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Social Support and the Theory of Planned Behavior in the Exercise Domain

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Abstract:

Objective: To test the relative utility of social support and subjective norm for predicting exercise intention and stage within the theory of planned behavior. Methods: A population-based community sample of 1557 adults completed a telephone interview that assessed social support, subjective norm, attitude, perceived behavioral control, intention, and stage. Results: Social support was superior to subjective norm in predicting exercise intention and stage after controlling for the theory of planned behavior and demographic variables. Conclusion: If findings are replicated, the theory of planned behavior should consider replacing subjective norm with social support given the theory's currently stated boundary conditions.

Document Type: Research Article

DOI: http://dx.doi.org/10.5993/AJHB.24.4.6

Affiliations: 1: University of Alberta 2: Centre for Health Promotion Studies, Alberta Centre for Well-Being; Faculty of Physical Education, University of Alberta 3: School of Psychology and Department of Epidemiology & Community Medicine, Faculty of Medicine, University of Ottawa 4: Department of Epidemiology & Community Medicine, Faculty of Medicine, University of Ottawa, CANADA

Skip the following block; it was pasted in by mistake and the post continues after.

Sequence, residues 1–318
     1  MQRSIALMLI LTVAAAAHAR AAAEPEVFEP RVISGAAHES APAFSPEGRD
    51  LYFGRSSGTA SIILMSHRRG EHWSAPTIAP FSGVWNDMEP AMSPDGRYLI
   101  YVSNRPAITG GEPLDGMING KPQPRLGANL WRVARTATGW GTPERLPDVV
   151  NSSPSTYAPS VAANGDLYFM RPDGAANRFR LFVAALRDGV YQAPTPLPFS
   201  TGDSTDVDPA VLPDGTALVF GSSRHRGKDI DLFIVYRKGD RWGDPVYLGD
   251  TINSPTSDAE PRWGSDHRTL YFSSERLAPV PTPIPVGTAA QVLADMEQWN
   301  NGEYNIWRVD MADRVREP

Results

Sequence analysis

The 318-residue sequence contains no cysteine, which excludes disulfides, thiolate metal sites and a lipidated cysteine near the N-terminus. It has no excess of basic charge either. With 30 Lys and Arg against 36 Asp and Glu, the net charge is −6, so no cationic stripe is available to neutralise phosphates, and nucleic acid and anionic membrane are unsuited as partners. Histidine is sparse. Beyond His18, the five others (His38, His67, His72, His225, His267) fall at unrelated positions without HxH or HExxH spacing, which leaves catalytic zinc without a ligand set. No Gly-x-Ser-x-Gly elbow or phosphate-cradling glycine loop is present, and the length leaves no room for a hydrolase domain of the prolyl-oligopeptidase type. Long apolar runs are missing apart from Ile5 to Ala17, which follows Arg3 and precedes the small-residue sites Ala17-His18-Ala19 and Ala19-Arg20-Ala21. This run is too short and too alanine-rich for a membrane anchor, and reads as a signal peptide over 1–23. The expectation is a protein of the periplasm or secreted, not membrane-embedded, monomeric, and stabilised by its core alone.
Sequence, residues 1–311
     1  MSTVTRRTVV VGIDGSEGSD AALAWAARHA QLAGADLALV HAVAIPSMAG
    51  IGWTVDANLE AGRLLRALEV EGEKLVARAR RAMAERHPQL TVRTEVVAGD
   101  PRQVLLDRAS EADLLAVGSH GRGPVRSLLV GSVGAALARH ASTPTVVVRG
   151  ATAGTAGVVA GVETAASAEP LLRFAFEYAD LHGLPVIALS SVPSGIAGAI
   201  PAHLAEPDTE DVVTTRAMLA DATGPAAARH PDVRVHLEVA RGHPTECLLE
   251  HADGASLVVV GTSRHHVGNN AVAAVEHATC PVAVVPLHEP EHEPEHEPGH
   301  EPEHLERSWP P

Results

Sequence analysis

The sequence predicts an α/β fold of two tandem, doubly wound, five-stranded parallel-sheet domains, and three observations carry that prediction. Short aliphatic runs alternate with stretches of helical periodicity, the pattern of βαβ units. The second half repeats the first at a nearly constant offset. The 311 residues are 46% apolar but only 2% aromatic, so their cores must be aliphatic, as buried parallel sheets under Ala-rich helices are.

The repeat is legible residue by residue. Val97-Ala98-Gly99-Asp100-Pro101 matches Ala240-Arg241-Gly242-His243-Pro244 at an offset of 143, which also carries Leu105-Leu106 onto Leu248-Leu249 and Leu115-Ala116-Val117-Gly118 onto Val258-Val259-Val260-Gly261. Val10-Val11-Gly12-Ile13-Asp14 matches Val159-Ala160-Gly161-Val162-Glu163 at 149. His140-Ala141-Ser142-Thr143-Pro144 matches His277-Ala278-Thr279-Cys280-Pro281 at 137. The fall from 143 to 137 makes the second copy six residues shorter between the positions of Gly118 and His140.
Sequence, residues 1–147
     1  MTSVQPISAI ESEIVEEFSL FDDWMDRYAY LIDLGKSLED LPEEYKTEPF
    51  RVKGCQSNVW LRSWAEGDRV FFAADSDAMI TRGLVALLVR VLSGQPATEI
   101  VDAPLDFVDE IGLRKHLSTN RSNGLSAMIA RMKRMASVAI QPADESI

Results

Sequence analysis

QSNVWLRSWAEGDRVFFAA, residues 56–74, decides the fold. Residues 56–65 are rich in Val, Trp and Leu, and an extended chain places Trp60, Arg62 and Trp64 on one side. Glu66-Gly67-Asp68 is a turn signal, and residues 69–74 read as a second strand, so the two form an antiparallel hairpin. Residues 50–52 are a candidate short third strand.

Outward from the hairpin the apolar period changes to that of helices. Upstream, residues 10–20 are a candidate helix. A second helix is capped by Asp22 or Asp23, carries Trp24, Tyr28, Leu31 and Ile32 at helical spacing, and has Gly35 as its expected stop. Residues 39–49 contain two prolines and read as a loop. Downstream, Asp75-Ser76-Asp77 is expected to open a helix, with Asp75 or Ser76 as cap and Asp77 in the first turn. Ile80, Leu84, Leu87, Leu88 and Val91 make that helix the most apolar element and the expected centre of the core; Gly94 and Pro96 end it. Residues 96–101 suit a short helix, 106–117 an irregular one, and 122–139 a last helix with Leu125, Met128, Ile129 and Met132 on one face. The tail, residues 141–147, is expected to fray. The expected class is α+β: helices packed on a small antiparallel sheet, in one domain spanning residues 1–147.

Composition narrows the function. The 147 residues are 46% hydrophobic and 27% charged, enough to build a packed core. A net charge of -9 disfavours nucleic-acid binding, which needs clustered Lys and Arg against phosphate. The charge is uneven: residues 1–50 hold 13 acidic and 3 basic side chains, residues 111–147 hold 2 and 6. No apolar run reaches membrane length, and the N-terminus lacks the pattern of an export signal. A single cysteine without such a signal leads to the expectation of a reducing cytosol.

Publication date: July 1, 2000

More about this publication?
  • The American Journal of Health Behavior seeks to improve the quality of life through multidisciplinary health efforts in fostering a better understanding of the multidimensional nature of both individuals and social systems as they relate to health behaviors.

    The Journal aims to provide a comprehensive understanding of the impact of personal attributes, personality characteristics, behavior patterns, social structure, and processes on health maintenance, health restoration, and health improvement; to disseminate knowledge of holistic, multidisciplinary approaches to designing and implementing effective health programs; and to showcase health behavior analysis skills that have been proven to affect health improvement and recovery.

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